Water efficiency, productivity and sustainability in the NENA regions (WEPS-NENA)


In Palestine, the RNE-WEPS project is implemented in collaboration with the Ministry of Agriculture and the Palestinian Water Authority and is guided by the multidisciplinary team of the water scarcity initiative that gather key stakeholders interested in water issues (see country team and partners).


The Occupied Palestinian Territory has a total area of 6 020 km2. The West Bank is a landlocked territory on the west bank of the Jordan River with a total area of 5 655 km2, surrounded by Jordan to the east and Israel to the south, west and north. The majority of the Palestinian territories in the West Bank are still under full Israeli control (Area C). Despite the Israeli withdrawal from the Gaza Strip, Palestinian farmers have restricted access to land in buffer or border areas (40 percent of Gazan agricultural land).

The climate in the Occupied Palestinian Territory is predominantly of the eastern Mediterranean type with cool and rainy winters, hot dry summers and an annual rainfall in the range of 100-700 mm. The water resources include mainly groundwater and a little bit of surface water. The agriculture sector in Palestine contributes to food security and is responsible for around nine percent of total employment in Palestine. Women supply about 87 percent of the labor input in livestock production and 54 percent in plant production (mostly in rain fed agriculture). Despite their major contribution to agricultural labor, many rural women carry out this work unpaid.

Twenty percent of the total area of Palestine is used for agriculture (90 percent West Bank, and 10 percent Gaza Strip). Rain fed agriculture is dominant representing 81 percent, while irrigated areas cover 19 percent, mainly located in the Gaza Strip and the Jordan Valley. Agriculture in Palestine is a family business where women play a major role in the manual agricultural practices. It is important to investigate both irrigation efficiency and water productivity. Application efficiency of irrigation systems is good ranging between 75-90 percent for drip and 65-75 percent for sprinklers. Most of the losses occur in the water conveyance systems. There are no actual estimates of water productivity (bio-physical or economic) except scattered statistics.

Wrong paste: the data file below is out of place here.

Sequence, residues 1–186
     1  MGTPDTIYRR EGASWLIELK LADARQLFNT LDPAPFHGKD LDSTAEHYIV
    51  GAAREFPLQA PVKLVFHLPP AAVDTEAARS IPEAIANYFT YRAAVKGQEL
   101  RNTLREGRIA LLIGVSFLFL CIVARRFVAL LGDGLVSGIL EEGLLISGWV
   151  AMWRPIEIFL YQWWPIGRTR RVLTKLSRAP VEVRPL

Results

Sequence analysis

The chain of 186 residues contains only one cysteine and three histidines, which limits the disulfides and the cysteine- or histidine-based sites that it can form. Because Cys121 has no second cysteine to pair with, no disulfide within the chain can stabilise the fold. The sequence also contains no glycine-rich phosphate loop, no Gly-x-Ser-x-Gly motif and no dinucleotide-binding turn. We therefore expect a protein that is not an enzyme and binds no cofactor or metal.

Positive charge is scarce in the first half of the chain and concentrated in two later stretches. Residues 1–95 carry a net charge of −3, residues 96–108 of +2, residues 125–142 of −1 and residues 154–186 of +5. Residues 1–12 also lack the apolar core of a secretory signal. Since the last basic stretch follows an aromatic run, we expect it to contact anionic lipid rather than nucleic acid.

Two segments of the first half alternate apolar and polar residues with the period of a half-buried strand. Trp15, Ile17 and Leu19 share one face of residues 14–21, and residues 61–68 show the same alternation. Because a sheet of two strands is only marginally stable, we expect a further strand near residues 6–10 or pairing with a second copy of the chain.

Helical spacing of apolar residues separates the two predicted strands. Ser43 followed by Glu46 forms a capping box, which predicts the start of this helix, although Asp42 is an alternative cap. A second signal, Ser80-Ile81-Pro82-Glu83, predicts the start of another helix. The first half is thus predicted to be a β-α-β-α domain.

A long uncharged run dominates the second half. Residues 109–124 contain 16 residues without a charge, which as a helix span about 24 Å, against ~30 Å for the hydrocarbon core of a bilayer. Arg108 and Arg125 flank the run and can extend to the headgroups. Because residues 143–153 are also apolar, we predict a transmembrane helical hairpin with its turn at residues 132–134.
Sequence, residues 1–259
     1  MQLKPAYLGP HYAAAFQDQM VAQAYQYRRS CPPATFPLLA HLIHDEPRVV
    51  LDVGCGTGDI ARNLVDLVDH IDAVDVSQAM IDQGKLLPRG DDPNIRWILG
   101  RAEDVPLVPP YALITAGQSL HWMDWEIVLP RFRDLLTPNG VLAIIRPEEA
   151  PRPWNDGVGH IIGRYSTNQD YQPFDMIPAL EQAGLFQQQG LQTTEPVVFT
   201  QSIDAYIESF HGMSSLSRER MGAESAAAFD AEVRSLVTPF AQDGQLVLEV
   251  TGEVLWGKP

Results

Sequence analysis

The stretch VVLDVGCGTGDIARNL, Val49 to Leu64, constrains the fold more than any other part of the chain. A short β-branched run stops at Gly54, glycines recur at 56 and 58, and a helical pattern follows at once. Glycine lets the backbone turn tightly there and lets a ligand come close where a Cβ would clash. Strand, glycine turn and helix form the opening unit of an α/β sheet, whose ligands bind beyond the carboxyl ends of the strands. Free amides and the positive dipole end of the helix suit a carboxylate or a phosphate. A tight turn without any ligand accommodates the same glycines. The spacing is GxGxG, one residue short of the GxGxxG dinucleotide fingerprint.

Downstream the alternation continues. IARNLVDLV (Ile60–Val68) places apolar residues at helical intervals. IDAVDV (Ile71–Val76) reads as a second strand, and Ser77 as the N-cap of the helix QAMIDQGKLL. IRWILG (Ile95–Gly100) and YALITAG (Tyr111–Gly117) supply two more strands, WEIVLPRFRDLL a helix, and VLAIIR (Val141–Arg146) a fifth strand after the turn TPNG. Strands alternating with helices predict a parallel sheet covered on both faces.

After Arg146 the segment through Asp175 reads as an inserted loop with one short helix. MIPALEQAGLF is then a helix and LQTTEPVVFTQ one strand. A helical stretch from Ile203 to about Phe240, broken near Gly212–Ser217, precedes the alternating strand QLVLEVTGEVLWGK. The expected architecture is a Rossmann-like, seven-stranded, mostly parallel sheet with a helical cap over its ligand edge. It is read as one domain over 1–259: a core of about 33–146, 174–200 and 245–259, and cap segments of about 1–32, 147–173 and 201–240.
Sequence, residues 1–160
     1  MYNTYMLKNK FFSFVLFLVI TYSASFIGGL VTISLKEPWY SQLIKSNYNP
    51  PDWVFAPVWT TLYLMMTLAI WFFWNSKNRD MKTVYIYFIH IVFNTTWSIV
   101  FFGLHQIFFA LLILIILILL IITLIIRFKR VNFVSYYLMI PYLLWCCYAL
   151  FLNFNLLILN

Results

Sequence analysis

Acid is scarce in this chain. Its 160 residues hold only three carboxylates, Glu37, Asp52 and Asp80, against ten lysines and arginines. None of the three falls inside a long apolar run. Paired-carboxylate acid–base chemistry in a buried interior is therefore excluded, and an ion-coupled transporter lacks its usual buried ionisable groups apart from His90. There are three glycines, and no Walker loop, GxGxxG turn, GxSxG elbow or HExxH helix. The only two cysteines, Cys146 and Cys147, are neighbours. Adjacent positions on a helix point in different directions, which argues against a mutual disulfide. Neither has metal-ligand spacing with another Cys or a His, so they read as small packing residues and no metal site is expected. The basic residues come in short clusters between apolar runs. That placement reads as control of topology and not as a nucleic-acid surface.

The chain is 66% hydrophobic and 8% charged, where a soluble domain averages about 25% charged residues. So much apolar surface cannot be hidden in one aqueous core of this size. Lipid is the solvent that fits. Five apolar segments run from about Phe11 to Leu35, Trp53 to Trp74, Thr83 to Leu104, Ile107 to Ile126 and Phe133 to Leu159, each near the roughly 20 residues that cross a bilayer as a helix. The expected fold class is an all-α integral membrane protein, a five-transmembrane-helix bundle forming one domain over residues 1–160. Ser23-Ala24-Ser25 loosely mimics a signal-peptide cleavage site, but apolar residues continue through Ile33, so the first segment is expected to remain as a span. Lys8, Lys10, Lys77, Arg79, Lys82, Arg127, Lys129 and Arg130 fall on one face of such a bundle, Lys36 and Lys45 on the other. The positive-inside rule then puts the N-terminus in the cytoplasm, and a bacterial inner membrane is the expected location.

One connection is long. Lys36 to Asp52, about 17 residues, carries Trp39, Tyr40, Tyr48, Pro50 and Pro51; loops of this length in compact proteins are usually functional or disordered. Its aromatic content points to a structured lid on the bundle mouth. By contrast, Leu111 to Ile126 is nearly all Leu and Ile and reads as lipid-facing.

Some of the main gaps highlighted for the water use in agriculture: Moderate irrigation efficiency, particularly of conveyance systems with open canals, no monitoring system and no actual measurement of water quantities or water productivity, lack of water storage capacities, small agriculture holdings (75 percent less than 10 dunums), Use of traditional practices and low financial capacities, Weak post-harvest processing capacities (skills, technologies, equipment), Low competitiveness (occupation, high transaction costs, limited access to markets, low marketing capacities, limited agro-business), Conservative social customs and traditions restrict women's engagement in agriculture. Limited ownership of agricultural assets (7.2 percent of land holders are female), weak ability to access finance, low participation in agricultural cooperatives.

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